It's enough to say, perhaps, that "Dracula" blows a little off course, leading to a highly unorthodox — some would say, shipwreck of a — finale, which might undo some of the goodwill engendered by the previous two episodes. While the ending drew mixed reviews, among other things for its treatment of Lucy Westenra (Lydia West), it typifies the overall dare-to-be-different approach of this umpteenth retelling of the Dracula legend. And the voyage there is never less than interesting.

What We Do in the Shadows, season 2, episode 6, 'On the Run' (2020)

A simple toothpick disguises vampire lecher Laszlo Cravenworth (Matt Berry) as easily as Superman's Clark Kent glasses. In "On the Run," Laszlo's famous one-off "What We Do in the Shadows" adventure as Jackie Daytona sees him leaving behind his bloodsucking roommates on Staten Island for Pennsylvania—because it sounds like Transylvania. What better place to escape the wrath of Jim the Vampire (Mark Hamill), who has sworn vengeance on Laszlo for not paying his last month's rent 167 years ago?

In Pennsylvania, no one knows Laszlo is a vampire. He can reinvent himself as Jackie Daytona, a "regular human bartender" who doubles as the heart and the soul of a local girls' volleyball team. Integrating into human society doesn't mean he's reformed; he still murders the previous owner of Lucky's Bar & Grill. Yet by taking the name of a beach that's a popular vacation destination, Jackie Daytona becomes a "Simply Irresistible" beacon of the week-long getaway everybody needs.

"I think we could all use a bit of Jackie Daytona time and again," he observes. Despite being immortal, Laszlo/Jackie can't outrun his responsibilities forever. Jim the Vampire eventually catches up with him, elbowing up to the bar and ordering a "human alcohol beer" before a full-on vampire barroom brawl ensues, complete with pool cue crosses.

"On the Run" is funny, but it also might be relatable to anyone who's ever taken a vacation and felt like they were "a different person" in that time, only to return to their life and job and be met with an unimpressed shrug. Matt Berry's voice may be the single best part of "What We Do in the Shadows," and this Emmy-nominated episode allows you to mainline it.

Midnight Mass (2021)

This list started with "Salem's Lot;" now, we've reached the equivalent of Salem's Island, where drinking the Kool-Aid à la Jonestown could bring vampire transformation.

I've never sat down in a confession booth like we see Father Paul Hill (Hamish Linklater) do in "Midnight Mass," but I did attend a Christmas Eve candlelight service last December where the carol "Silent Night" was sung. Let's just say hearing a hymn like that in that darkened setting with flames flickering around you hits a whole lot differently after you've seen "Midnight Mass."

Across the seven episodes of this Netflix miniseries, written and directed by Mike Flanagan ("Doctor Sleep"), there's a bit of speechifying in the dialogue sometimes. You almost wish characters would have a more sustained back-and-forth so that it was true dialogue and not just a monologue where one sits silent and listens to the other, only occasionally interjecting. That goes along with the nature of a sermon, however, and this pop-culture sermon — from the frock to Flanagan's horror flock — happens to be quite chilling.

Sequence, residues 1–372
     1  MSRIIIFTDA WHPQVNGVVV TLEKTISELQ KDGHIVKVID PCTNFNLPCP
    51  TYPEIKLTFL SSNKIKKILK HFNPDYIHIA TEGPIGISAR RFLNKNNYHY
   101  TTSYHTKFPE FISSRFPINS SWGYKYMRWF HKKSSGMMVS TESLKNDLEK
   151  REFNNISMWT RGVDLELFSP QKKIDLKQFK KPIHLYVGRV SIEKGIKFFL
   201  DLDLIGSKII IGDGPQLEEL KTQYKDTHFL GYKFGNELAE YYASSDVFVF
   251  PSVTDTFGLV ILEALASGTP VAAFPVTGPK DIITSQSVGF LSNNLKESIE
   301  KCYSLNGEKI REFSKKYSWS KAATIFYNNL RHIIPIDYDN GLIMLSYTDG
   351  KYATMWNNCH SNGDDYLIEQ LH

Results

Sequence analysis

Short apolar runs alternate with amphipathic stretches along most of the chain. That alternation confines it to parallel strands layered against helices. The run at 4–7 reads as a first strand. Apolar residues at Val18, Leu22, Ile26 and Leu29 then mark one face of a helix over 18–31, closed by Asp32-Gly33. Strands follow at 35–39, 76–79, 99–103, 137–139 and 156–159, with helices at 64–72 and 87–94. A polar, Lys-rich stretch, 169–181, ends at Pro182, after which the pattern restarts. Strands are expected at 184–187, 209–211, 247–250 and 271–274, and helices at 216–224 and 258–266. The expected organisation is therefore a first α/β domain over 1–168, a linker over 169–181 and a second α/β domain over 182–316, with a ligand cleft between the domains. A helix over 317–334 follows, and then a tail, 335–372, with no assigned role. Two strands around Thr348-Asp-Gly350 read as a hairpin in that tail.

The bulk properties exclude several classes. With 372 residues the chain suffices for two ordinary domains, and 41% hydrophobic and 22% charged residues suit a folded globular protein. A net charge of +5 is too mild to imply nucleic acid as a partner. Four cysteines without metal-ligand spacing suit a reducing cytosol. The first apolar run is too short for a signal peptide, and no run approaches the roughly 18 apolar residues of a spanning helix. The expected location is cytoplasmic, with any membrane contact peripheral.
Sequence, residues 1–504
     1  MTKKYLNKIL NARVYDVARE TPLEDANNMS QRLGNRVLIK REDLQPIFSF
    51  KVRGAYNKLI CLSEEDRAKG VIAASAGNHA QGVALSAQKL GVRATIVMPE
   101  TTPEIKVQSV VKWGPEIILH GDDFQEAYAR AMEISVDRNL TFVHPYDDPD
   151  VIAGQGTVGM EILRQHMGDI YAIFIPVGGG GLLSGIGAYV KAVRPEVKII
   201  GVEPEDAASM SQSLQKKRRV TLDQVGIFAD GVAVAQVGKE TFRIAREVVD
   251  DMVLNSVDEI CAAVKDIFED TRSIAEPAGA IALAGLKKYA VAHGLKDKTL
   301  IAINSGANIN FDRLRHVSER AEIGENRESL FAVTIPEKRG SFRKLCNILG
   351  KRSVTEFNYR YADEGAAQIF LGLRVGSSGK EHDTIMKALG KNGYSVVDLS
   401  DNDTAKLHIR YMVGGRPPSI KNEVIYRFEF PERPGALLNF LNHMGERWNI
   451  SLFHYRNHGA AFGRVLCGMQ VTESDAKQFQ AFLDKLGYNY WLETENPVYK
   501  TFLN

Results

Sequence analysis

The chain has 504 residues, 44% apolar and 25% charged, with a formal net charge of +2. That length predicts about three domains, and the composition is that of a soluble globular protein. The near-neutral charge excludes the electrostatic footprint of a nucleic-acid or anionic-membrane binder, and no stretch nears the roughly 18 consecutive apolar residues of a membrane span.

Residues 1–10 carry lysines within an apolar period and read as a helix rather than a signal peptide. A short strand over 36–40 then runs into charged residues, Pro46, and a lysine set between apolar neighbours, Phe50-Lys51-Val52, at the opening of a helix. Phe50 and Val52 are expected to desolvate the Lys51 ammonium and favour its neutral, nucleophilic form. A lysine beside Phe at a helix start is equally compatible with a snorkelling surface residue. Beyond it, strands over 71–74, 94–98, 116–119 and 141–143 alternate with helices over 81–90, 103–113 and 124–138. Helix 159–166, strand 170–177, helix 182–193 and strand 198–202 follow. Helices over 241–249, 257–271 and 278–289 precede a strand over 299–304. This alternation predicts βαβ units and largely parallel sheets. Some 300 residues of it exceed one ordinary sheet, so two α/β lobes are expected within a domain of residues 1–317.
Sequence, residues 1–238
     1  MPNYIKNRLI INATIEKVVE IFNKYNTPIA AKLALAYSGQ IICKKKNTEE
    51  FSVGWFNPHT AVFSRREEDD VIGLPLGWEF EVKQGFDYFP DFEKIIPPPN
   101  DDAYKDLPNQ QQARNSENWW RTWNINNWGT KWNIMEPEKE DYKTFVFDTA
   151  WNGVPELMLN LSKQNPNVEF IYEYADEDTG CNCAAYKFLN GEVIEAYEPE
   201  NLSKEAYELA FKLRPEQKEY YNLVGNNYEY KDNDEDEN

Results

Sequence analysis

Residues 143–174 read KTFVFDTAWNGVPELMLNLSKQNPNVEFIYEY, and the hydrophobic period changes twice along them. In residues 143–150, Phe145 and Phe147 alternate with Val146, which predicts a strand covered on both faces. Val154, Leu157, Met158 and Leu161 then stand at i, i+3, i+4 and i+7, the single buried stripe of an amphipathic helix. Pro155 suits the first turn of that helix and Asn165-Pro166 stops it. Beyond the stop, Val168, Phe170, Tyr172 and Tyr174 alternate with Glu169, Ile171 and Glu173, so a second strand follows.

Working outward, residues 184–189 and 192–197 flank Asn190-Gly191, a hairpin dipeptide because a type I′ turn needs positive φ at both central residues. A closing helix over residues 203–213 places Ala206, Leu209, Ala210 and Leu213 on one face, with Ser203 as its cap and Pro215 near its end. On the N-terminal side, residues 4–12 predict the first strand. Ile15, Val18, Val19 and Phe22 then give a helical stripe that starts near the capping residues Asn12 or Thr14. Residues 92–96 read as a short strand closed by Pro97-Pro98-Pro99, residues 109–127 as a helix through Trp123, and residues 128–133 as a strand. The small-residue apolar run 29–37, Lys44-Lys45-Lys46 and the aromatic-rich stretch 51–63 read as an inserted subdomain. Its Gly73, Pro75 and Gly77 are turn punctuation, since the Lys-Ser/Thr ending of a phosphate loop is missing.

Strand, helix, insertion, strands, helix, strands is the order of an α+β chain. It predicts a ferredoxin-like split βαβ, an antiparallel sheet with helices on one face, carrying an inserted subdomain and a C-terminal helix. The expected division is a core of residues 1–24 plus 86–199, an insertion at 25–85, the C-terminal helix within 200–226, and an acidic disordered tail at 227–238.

Much of the fifth episode is devoted to a man-to-man Alcoholics Anonymous meeting between Father Paul and atheistic Christ figure Riley Flynn (Zach Gilford). Before Riley sits down and they're framed between two emergency exits, there's a fleeting image where Father Paul sits opposite an empty chair, reading the Bible. Is he truly alone or is that chair occupied? These are the kind of thoughts "Midnight Mass" provokes.

Father Paul believes in telling small lies in the Lord's service. There's a line where he talks about cleansing his conscience and "finding grace where the guilt should be." I suspect it's the other way around for some Catholics: they find guilt where the grace should be.

Interview with the Vampire, season 1 (2022)

Though she's credited as an executive producer, Anne Rice sadly didn't live to see her 1976 novel "Interview with the Vampire" realized as a television series. As of this writing, the first two (of seven) episodes of the series are available to stream on AMC+, so although it was renewed for a second season ahead of its premiere, you can still get in on the ground floor.

Jacob Anderson is quite charismatic as Louis, reimagined here as a hale and hearty hero with a higher pulse and without the morose inclinations of Brad Pitt's version of the character. Before he receives the Dark Gift, Louis is a well-dressed pimp in Storyville, which sounds like a euphemism for a showbiz entertainer. The series itself has a tap-dancing verve, and it's cognizant that it's peddling a "do-over."

It almost starts out like a sequel to the 1994 film, with Eric Bogosian's older, world-weary journalist Daniel Molloy having botched an interview with Louis decades earlier. References to MasterClass and the pandemic, cosmopolitan shots of Dubai, the use of vampire telepathy, a hot and heavy threesome, a floating, butt-naked vampire kiss between men, and a different last sunrise all set this modern update apart, even as it resurrects abandoned threads from Rice's book like Louis's religious brother and the church confession-turned-bloodbath.

Un petit coup, "the little drink" (as opposed to la petit mort, the little death, or orgasm), awakens feelings of intimacy within Louis. As French flows from his lips, Lestat (Sam Reid) holds a hypnotic power over him. Maybe I'm just in the vampire's thrall like the guys at the poker table, but after one episode of AMC's "Interview with the Vampire," I was all-in. Give it a chance, and you, too, might experience love at first bite.